Another emerging trend in the Index is that extractive economies should use the opportunity to increase their future competitiveness by channelling income derived from non-renewable resources into investment in education and physical capital, including investment into renewables. This helps promote the sectoral shift necessary for extractive economies to reduce emissions and remain competitive in a low carbon global economy.

Australia’s carbon laws start this journey by generating revenue from emission intensive industries and funnelling some of it back into productive activities like renewable energy, energy efficiency and the restoration of the landscape.

Ongoing politicking with key mechanisms required to drive low carbon competitiveness threatens our future prosperity. Addressing climate change in Australia and globally is a marathon not a sprint. Stable and long-term policy settings are needed to deliver investment and growth in the industries central to Australia’s long-term prosperity.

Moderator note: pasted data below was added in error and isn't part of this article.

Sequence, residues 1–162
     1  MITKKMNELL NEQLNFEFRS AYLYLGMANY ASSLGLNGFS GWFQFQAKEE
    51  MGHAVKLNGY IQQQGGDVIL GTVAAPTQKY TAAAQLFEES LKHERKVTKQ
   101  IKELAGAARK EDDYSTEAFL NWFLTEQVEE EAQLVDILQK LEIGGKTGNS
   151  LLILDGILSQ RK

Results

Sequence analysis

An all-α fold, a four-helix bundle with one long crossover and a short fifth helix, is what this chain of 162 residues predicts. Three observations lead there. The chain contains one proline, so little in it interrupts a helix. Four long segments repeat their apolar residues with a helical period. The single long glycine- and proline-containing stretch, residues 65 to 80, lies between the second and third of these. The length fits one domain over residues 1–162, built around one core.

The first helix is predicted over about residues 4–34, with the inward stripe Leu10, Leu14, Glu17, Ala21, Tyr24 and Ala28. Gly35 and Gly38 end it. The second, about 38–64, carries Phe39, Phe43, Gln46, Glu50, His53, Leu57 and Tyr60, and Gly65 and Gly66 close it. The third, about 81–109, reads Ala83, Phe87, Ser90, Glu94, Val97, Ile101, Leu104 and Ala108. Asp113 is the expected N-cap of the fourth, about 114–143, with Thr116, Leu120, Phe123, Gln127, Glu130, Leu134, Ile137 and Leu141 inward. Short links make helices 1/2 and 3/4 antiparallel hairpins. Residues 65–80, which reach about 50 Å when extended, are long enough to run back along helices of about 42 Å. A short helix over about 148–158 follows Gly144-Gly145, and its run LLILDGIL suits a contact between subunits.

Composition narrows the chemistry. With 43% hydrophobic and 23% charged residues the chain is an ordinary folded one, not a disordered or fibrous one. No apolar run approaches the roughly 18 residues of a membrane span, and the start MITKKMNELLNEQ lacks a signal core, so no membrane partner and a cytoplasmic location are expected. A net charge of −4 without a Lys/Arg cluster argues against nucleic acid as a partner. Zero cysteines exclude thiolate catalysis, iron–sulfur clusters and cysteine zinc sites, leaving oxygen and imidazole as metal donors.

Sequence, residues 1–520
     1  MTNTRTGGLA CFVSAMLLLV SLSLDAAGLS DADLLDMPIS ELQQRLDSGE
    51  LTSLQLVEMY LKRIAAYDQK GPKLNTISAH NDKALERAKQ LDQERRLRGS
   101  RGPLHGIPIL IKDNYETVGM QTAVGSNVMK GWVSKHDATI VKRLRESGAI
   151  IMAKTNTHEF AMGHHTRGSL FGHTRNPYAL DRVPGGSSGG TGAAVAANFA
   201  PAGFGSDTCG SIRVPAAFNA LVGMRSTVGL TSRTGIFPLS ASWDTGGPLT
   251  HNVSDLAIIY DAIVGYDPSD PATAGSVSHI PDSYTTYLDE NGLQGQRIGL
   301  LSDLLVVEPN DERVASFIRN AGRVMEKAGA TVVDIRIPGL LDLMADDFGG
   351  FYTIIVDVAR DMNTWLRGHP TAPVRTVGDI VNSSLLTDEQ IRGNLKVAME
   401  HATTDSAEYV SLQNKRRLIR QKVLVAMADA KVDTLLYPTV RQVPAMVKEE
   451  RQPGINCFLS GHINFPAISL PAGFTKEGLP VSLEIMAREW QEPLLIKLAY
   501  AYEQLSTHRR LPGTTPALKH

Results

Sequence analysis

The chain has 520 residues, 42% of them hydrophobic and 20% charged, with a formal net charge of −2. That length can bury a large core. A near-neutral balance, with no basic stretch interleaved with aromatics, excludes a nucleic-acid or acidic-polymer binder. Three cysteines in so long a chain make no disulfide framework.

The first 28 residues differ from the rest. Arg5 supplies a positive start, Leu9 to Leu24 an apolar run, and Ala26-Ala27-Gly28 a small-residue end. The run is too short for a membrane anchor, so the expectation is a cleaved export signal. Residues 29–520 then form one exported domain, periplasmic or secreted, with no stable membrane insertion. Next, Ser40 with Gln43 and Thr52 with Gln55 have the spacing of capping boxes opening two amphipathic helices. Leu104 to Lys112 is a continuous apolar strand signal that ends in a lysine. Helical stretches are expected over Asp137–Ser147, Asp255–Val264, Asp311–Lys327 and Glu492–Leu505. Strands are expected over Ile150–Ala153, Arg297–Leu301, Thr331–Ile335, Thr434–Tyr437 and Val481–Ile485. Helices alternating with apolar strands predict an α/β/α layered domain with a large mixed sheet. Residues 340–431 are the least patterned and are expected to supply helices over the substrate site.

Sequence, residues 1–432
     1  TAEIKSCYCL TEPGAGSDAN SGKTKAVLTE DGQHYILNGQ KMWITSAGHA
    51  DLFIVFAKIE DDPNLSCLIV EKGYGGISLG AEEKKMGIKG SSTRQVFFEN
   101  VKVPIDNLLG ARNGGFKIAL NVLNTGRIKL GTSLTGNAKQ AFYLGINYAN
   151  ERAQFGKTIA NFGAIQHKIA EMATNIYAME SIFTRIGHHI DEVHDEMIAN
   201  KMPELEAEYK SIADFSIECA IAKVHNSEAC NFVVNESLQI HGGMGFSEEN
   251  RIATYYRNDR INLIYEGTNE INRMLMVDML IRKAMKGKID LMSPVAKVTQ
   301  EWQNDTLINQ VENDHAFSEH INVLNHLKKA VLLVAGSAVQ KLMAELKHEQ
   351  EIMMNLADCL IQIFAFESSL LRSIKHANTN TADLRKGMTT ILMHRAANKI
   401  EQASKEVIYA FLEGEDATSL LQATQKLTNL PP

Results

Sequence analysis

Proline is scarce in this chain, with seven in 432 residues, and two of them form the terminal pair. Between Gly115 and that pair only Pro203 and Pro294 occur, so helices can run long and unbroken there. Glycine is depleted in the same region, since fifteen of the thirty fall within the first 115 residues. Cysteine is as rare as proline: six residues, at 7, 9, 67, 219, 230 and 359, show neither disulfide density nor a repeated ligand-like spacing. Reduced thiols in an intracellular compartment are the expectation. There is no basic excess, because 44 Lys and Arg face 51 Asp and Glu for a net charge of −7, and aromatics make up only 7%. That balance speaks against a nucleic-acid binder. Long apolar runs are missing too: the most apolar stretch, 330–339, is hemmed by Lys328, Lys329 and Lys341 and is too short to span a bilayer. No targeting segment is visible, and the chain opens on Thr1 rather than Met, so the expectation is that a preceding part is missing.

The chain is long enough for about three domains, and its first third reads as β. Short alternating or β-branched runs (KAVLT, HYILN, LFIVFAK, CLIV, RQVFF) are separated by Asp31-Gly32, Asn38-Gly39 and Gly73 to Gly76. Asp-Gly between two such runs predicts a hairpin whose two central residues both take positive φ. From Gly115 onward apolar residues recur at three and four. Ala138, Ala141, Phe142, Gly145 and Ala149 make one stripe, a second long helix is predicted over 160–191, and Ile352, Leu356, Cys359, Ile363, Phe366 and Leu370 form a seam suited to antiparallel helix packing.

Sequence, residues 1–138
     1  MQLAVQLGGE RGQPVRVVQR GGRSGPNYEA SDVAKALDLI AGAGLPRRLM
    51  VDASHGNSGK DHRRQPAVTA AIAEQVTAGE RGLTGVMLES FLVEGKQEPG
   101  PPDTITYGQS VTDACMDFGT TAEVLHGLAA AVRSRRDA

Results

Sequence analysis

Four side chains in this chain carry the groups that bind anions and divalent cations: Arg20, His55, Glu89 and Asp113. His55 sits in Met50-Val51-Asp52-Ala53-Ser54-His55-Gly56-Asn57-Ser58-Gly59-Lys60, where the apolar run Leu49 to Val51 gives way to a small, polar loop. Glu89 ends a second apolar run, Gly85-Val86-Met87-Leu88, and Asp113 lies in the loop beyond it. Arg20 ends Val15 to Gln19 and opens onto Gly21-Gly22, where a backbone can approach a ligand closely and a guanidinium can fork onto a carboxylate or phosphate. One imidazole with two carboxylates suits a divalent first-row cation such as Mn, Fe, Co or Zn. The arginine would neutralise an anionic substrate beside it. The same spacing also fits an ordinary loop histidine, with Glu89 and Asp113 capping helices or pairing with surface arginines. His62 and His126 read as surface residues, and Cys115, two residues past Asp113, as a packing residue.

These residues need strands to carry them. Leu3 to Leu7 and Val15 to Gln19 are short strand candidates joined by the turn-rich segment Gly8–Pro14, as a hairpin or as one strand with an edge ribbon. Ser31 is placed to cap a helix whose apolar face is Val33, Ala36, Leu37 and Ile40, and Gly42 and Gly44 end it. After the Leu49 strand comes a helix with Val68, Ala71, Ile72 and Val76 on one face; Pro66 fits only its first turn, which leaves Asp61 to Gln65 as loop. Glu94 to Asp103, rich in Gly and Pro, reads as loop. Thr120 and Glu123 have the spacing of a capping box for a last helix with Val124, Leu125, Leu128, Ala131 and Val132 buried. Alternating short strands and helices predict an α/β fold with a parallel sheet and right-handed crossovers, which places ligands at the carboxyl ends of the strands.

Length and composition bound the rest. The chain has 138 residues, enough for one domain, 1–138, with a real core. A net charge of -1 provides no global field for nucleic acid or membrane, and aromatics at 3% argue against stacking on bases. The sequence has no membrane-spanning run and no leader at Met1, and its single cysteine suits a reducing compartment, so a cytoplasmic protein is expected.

Erwin Jackson

Erwin is Deputy CEO of The Climate Institute. With nearly 20 years practical experience in climate change policy and research, Erwin has developed and led many national and international programs aimed at reducing greenhouse pollution. This work has been undertaken in Australia, Europe, North and South America, the Pacific and Antarctica. He has represented non-governmental groups and advised government and business in national, regional and international fora, including being a non-governmental expert reviewer of the reports of the UN’s Intergovernmental Panel on Climate Change. Erwin has written, researched and produced many publications on climate change and energy policy including a number of review papers in scientific journals such as the Medical Journal of Australia.